Later I understood that it was intended to be confusing and disturbing. So I guess Kubrick did a great job.

    Wandered off topic a little.

    You know how it is. You wander off the path a little, accidentally kill a butterfly, then come back to 2021 and discover that Ariana Grande is president. 

    I think Bowman seeing himself age was one of Kubrick’s rare concessions to at least hinting at what’s going on. Really, if the White Room scene had been a little less cryptic–not much; just a little–the movie would have been accepted by more people. But I still love the film.

    When it came out, Variety had a wry joke: “This isn’t one for the Hadassah girls”. To get the joke, Hadassah is a Jewish women’s charitable and fraternal organization. The women are middle-aged to (very) elderly, and used to organize bus trips into Manhattan to attend group screenings of films like Funny Girl or A Funny Thing Happened on the Way to the Forum. You can understand that the enigmatic 2001 was, indeed, not one for the Hadassah “girls”.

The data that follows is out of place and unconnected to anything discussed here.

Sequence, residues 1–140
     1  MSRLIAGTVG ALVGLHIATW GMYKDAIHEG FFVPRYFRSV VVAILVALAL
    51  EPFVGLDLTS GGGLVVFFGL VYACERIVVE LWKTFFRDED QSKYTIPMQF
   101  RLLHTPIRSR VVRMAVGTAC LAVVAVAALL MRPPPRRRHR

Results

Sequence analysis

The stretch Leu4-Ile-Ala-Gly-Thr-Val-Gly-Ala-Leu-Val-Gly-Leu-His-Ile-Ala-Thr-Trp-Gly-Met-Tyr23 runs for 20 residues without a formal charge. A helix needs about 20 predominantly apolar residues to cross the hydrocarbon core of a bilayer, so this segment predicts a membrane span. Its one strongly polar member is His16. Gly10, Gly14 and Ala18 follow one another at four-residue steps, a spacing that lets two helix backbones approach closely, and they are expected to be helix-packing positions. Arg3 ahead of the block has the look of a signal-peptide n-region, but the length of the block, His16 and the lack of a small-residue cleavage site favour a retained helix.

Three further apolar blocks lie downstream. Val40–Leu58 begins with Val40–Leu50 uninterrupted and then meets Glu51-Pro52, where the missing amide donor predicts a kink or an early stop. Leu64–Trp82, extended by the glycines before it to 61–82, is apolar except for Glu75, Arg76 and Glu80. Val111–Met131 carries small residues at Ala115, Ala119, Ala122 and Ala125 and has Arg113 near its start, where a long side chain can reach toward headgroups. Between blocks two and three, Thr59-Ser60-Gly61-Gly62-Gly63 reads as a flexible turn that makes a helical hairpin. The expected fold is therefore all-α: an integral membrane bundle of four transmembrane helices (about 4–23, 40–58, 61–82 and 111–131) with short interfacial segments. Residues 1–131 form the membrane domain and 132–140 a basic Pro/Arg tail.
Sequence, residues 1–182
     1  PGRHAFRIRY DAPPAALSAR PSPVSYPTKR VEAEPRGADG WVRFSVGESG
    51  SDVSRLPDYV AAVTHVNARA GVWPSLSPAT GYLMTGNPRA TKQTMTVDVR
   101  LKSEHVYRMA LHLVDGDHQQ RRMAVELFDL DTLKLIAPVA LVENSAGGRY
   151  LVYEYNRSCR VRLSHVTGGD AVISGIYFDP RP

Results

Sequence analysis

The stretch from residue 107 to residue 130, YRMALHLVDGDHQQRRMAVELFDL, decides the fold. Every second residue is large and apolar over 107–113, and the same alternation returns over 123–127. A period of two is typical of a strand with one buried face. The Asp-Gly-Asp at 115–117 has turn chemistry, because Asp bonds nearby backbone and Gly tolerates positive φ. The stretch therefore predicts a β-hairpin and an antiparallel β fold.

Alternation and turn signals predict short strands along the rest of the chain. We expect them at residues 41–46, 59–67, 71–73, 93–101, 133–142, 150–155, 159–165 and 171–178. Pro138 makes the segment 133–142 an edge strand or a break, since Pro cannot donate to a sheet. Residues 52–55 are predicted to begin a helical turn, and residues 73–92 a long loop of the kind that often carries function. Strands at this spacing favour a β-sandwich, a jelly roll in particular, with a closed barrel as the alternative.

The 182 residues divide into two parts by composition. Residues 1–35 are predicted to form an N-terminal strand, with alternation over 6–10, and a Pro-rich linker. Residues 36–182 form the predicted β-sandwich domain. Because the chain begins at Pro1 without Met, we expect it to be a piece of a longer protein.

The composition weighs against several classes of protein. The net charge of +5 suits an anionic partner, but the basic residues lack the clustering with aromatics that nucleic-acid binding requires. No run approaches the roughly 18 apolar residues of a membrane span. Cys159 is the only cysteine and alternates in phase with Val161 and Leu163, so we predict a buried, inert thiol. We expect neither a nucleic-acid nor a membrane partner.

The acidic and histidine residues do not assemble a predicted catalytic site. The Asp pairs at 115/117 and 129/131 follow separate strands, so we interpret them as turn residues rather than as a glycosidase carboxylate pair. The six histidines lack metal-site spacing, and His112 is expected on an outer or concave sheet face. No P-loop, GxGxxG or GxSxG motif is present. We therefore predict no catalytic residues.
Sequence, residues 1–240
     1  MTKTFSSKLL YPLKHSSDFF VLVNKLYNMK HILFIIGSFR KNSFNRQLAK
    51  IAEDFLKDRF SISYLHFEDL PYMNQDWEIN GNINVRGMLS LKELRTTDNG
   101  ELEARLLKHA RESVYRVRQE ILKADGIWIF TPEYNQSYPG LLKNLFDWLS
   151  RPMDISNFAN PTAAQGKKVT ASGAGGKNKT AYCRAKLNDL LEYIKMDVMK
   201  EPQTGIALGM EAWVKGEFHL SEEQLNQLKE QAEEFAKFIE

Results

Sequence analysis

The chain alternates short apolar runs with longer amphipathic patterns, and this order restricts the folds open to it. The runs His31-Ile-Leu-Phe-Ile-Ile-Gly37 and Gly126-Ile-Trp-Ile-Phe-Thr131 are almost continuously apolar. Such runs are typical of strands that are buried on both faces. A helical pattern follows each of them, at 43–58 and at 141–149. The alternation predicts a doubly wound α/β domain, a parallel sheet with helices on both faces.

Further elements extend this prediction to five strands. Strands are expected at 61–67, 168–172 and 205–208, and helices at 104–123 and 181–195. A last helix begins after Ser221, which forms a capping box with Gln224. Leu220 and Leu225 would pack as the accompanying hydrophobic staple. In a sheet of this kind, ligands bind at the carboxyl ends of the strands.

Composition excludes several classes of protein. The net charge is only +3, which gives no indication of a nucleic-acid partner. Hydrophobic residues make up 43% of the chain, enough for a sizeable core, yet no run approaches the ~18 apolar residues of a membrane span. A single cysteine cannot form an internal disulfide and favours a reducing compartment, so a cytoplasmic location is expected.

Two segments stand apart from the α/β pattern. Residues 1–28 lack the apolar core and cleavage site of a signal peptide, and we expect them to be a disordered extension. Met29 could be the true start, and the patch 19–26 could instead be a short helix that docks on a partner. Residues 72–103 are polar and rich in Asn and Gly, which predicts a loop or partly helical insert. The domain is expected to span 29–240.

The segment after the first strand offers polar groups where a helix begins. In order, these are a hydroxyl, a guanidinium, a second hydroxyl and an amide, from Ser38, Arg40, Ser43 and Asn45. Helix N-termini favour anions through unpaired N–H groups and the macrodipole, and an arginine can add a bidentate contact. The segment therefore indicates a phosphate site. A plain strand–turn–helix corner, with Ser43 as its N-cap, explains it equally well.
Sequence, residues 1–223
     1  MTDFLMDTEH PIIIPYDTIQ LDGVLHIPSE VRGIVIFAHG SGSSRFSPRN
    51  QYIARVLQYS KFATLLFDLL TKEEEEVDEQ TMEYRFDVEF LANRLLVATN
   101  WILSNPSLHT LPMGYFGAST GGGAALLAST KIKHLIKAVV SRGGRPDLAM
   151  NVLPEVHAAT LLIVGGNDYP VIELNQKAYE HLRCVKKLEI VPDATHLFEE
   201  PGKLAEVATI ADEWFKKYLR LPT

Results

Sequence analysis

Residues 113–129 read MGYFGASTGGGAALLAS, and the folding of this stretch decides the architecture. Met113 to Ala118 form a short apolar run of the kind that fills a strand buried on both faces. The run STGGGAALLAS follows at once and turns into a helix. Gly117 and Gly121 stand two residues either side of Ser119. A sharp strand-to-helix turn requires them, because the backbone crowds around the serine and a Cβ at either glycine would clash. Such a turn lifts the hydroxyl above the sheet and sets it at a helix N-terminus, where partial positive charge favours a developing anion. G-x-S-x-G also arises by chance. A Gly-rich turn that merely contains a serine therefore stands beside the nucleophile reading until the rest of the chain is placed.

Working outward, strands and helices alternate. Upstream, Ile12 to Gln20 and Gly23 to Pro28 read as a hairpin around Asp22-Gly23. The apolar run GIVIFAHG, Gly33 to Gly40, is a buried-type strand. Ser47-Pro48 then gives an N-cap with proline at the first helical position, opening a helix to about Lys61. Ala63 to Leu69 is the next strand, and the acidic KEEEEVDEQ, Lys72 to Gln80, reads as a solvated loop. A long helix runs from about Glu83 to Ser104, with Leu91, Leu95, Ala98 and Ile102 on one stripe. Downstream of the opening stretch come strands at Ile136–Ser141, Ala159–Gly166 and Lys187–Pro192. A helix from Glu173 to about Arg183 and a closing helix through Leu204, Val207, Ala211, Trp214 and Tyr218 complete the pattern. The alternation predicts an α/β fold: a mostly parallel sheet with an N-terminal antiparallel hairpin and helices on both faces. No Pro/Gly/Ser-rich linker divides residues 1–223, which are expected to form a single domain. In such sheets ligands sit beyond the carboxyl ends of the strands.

• #48
  19. Clavius Thatcher
    Clavius
    @Clavius

    Gary McVey (View Comment):
    You know how it is. You wander off the path a little, accidentally kill a butterfly, then come back to 2021 and discover that Ariana Grande is president. 

    A Sound of Thunder, by Ray Bradbury, IIRC.

    • #49
  20. Percival Thatcher
    Percival
    @Percival

    Gary McVey (View Comment):
    You know how it is. You wander off the path a little, accidentally kill a butterfly, then come back to 2021 and discover that Ariana Grande is president. 

    I’d take the swap right now, straight up.

    • #50
  21. SkipSul Inactive
    SkipSul
    @skipsul

    Percival (View Comment):

    Gary McVey (View Comment):
    You know how it is. You wander off the path a little, accidentally kill a butterfly, then come back to 2021 and discover that Ariana Grande is president.